United States District Court, E.D. Virginia, Norfolk Division
MEMORANDUM OPINION AND ORDER
Raymond A Jackson United States District Judge
the Court are pro se litigant Brenda Benn's
("Petitioner") Motion to Vacate, Set Aside, or
Correct a Sentence pursuant to Title 28, United States Code,
Section 2255 ("2255 Motion"). Having reviewed the
motions and filings, the Court finds that a hearing is not
necessary to address Petitioner's motions. See
28 U.S.C. § 2255(b). For the reasons set forth below,
Petitioner's 2255 Motion is DENIED.
FACTUAL AND PROCEDURAL HISTORY
July 2009 to February 2014, Petitioner was engaged in a
conspiracy with her two co-defendants, Kevin and Stephanie
Towns, to file fraudulent individual income tax returns. ECF
No. 15 at ¶¶ 1, 7. Petitioner was the owner and
manager of A Plus Tax Service, LLC ("A Plus") and
the manager of NN Financial ("NNF"). Id.
at ¶ 2. As the administrator of both companies,
Petitioner "was primarily responsible for the
administrative functions associated with operating the
businesses, including, but not limited to, paying the
employees, paying the operating costs, and entering into
contracts with vendors and contractors." Id. at
¶ 4. While the her co-conspirators were in charge of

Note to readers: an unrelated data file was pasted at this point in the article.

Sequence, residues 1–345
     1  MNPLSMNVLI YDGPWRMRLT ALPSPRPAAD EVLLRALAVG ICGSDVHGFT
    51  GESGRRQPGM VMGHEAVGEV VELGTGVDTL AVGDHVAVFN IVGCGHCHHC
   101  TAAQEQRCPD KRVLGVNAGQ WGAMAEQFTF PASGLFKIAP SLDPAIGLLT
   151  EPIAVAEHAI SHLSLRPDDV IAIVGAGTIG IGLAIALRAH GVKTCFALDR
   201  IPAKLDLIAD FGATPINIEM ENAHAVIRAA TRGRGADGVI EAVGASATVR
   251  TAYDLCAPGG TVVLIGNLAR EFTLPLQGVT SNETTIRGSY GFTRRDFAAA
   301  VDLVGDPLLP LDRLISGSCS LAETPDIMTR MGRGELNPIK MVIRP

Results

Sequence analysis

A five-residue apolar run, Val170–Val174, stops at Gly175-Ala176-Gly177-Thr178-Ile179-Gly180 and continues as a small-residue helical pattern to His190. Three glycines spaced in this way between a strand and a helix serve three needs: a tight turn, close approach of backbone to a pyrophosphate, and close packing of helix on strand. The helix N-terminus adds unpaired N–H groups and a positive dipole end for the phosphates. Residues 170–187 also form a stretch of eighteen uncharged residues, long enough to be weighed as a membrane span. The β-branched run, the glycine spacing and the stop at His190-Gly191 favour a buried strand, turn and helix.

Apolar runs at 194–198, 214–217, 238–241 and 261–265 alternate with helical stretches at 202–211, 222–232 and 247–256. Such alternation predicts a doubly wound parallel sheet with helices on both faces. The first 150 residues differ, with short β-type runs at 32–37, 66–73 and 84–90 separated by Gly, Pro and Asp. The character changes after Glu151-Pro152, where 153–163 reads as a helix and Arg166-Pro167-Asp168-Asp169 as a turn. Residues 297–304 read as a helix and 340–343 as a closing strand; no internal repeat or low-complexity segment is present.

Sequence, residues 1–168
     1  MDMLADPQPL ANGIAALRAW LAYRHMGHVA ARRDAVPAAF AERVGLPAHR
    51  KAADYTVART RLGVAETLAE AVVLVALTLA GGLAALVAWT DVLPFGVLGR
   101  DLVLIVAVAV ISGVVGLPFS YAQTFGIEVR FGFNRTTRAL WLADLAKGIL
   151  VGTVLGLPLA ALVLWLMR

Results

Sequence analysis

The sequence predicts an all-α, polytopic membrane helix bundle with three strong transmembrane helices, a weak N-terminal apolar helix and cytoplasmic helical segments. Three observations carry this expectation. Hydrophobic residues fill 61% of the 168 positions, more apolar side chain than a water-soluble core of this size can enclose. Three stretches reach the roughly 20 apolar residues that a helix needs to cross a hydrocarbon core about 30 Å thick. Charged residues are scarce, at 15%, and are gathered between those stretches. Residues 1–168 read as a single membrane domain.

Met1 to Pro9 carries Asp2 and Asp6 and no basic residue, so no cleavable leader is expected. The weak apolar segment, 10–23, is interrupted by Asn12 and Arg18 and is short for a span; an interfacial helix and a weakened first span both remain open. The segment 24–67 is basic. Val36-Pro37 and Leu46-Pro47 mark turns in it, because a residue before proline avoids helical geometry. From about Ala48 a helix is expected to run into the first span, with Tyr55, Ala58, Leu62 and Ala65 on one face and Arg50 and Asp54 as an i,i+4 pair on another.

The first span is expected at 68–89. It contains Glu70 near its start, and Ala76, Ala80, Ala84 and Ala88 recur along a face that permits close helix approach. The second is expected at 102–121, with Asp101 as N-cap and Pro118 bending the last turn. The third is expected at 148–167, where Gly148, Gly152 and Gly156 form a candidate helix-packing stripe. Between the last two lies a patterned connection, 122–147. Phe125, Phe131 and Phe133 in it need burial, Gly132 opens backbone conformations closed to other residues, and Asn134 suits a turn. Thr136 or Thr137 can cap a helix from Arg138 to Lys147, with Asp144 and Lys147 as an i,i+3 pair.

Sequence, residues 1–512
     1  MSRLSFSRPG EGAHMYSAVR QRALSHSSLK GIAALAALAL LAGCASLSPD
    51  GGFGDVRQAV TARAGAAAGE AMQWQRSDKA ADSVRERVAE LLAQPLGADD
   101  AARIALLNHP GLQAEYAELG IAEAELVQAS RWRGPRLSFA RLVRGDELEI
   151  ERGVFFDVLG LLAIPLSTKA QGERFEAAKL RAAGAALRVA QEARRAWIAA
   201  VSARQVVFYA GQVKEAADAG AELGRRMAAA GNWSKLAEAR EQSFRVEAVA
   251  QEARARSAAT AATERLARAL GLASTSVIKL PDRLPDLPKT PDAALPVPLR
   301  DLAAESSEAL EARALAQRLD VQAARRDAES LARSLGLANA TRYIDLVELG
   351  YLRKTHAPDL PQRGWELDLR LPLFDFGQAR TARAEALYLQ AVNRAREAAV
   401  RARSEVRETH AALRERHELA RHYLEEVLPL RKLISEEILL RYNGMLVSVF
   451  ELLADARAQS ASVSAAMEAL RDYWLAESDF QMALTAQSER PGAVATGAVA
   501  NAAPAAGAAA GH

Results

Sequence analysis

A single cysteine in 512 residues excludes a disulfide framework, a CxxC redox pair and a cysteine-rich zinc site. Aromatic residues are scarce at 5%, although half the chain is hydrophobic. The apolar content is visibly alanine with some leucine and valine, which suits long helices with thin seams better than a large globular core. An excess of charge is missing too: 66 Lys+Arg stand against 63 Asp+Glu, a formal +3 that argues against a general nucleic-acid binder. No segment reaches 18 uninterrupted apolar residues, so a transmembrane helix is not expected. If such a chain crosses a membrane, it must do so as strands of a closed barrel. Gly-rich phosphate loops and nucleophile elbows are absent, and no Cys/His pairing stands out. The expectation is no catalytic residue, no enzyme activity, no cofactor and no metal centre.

preparing the tax returns, with the help of several
subordinate preparers, Petitioner supervised all of them in
their role as employees. See Id. at ¶ 6.
Petitioner and her co-defendants used various methods to
enlarge individuals' tax returns and taught these
techniques to the subordinate preparers. Id. at
¶¶ 8-14. Petitioner also negotiated a contract with
Santa Barbara Tax Product Group ("SBTPG"), which
processed the tax returns and would take out the fees for
itself, A Plus, and NNF. Id. at ¶ 15-16. During
the time of the conspiracy, Petitioner's businesses
processed false tax returns that totaled $1, 683, 159 in tax
losses. Id. at ¶ 17.
February 23, 2017, Petitioner was named in a seventeen-count
Indictment that charged her with one count of Conspiracy to
Defraud the United States, in violation of 18 U.S.C. §
371, and one count of Aiding the Preparation of False Tax
Returns, in violation of 26 U.S.C. § 7206(2). ECF No. 1.
On August 24, 2017, Petitioner pled guilty to both counts
before Magistrate Judge Douglas Miller. ECF Nos. 50-54. In
the presentence report, the probation officer attributed a
four-level enhancement to Petitioner for being the leader of
the conspiracy. ECF No. 77 at ¶ 14. Petitioner's
counsel noted an objection to this enhancement. Id.
at 16. However, in the sentencing position paper,
Petitioner's counsel did not raise this objection. ECF
No. 80 at 2. On December 6, 2017, the Court accepted
Petitioner's guilty plea as a knowing and voluntary plea
and sentenced her to fifty-seven months of imprisonment and
to pay $1, 683, 159 in restitution to the United States. ECF
October 22, 2018, Petitioner filed her 2255 Motion. ECF Nos.
88-89. Petitioner raises three claims that her attorney was
ineffective because (1) he did not move to dismiss the
Indictment because it was past the statute of limitations;
(2) he did not object to the four-level enhancement for a
leadership role in the offense; and (3) he did not object to